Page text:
US soldiers increase base defense measures on FOB Shank
July 29, 2013
LOGAR PROVINCE, Afghanistan - Coalition forces and civilians living on Forward Operating Base Shank, Afghanistan, have an added layer of security in the form of the Counter Rocket, Artillery, and Mortar System and the Land-based Phalanx Weapons System, or the C-RAM and the LPWS, two systems that work together for base defense.
The C-RAM is an early warning detection system and the Phalanx is designed to engage rockets, artillery shells and mortars - which are common weapons used by the enemies of Afghanistan to attack coalition forces and Afghan security bases.
"This is one of the only systems that is strictly defensive," said U.S. Army 1st Lt. Geoff Utter, a platoon leader with Battery B, 2nd Battalion, 44th Air Defense Artillery Regiment.
"It takes the round, the rocket, artillery, or mortar out of the sky so it doesn't fall on the protected area," said Utter, an Omaha, Neb., native. "It definitely gives the feeling to the soldiers that live on the FOB and work there, a sense of security. I would hope they can sleep at night knowing that we have this system up and running."
The system has been adapted from a similar naval system used to defend aircraft carriers and large ships on the open seas. It is now being deployed on a trailer platform, and has recently been brought to FOB Shank in Logar province, Afghanistan.
The defense systems are the first to be deployed to this area. U.S. Army 1st Lt. Robert Holbrook, the executive officer for Battery B, 2-44 ADA, and a native of Lexington, Ky., said, "It's an honor to bring the system into a new area; it's never been done at this altitude, in this theater."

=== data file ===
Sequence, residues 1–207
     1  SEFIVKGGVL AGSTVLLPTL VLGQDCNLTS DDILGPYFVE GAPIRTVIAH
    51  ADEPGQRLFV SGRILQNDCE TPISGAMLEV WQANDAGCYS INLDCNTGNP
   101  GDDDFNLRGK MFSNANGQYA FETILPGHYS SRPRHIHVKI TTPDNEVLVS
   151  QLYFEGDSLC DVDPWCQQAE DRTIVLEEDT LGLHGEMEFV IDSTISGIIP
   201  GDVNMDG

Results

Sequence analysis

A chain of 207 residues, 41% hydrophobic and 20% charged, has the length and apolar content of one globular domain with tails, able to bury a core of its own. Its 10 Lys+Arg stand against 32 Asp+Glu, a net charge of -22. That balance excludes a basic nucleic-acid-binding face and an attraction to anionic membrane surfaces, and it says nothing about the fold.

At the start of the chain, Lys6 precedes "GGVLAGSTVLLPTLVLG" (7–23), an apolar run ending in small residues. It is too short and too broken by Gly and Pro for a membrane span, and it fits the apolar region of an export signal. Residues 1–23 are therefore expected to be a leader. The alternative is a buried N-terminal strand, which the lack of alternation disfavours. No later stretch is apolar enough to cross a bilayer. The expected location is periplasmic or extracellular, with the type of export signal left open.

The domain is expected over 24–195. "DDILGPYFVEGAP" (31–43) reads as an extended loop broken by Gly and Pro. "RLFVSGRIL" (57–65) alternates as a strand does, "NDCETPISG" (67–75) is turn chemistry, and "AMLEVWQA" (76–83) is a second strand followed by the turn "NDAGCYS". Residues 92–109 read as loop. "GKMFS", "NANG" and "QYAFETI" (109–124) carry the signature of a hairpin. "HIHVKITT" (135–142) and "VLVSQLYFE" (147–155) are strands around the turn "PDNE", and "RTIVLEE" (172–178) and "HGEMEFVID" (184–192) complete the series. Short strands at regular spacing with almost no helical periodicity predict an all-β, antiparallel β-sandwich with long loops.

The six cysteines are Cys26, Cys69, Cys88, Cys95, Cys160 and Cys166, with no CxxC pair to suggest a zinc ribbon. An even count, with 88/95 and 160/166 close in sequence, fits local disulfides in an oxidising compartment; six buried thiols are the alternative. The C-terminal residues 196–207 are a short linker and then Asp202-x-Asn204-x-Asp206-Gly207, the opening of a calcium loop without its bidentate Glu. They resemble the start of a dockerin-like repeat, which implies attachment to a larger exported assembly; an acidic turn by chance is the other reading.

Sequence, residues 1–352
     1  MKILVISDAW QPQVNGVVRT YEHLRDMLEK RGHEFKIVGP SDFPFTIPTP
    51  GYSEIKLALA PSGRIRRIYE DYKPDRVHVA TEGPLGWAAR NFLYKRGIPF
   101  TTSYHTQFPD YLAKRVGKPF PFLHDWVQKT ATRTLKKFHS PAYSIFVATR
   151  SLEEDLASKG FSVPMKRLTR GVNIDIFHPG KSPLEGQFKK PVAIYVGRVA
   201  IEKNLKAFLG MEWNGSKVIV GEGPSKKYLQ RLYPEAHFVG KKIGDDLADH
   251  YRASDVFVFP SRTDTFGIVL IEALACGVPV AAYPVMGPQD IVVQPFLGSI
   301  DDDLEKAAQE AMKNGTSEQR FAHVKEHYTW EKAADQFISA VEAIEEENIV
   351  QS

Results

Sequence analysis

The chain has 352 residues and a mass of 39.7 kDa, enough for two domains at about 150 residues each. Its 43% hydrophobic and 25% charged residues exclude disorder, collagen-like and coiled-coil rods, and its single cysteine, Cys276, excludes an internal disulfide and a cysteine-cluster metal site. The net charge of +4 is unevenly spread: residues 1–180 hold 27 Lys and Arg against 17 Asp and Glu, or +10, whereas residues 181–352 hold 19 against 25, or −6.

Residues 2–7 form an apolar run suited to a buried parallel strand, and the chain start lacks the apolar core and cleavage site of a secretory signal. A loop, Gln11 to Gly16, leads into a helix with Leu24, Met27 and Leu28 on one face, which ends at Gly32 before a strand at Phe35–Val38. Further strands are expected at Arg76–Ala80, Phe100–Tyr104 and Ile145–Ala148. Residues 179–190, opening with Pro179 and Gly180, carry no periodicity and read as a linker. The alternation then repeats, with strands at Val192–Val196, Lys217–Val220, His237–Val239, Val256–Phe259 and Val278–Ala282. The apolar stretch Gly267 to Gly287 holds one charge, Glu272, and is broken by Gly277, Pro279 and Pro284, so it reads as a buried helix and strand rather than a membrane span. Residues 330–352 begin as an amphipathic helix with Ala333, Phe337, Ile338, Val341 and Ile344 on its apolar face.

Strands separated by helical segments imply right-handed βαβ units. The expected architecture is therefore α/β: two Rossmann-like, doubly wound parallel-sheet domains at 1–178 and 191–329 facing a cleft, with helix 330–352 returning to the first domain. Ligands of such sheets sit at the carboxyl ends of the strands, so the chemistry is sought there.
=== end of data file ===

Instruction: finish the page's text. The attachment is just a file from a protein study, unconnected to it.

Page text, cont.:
When the C-RAM detects incoming rockets, artillery, or mortars, the 2-44 ADA's engagement operations cell determines if the round will threaten personnel or materiel. If the threat is credible, the Phalanx fires a burst of 20 millimeter, self detonating rounds. These rounds are designed to knock the incoming weapon off course and disable it, so even if the rocket, shell or mortar impacts on the base, it does not explode.
U.S. Army Sgt. 1st Class Eric Torres, a native of Temecula, Calif., and the platoon sergeant for the engagement operations cell of Battery B, 2-44 ADA, has been working with the C-RAM since 2005 in Iraq, during its initial fielding on land.
"The 20 millimeter rounds self detonate after a certain distance to minimize civcas [civilian casualties]," he said. "There were zero cases of civcas after nearly 200 engagements in Iraq."
The C-RAM system uses multiple types of radar and cameras as part of its "sense and warn" capabilities. The system sounds an alarm to alert personnel, regardless if the Phalanx will fire or not, due to aircraft in the area or system maintenance. The warning allows service members and civilians to react, giving them a higher survivability rate in case rounds impact in the area.
C-RAM's automated systems also allow it to feed information, based on the trajectory of an incoming round, to artillery personnel. This aids in counterfire, giving artillerymen the necessary coordinates to return fire to the location the round came from, much sooner than previous methods.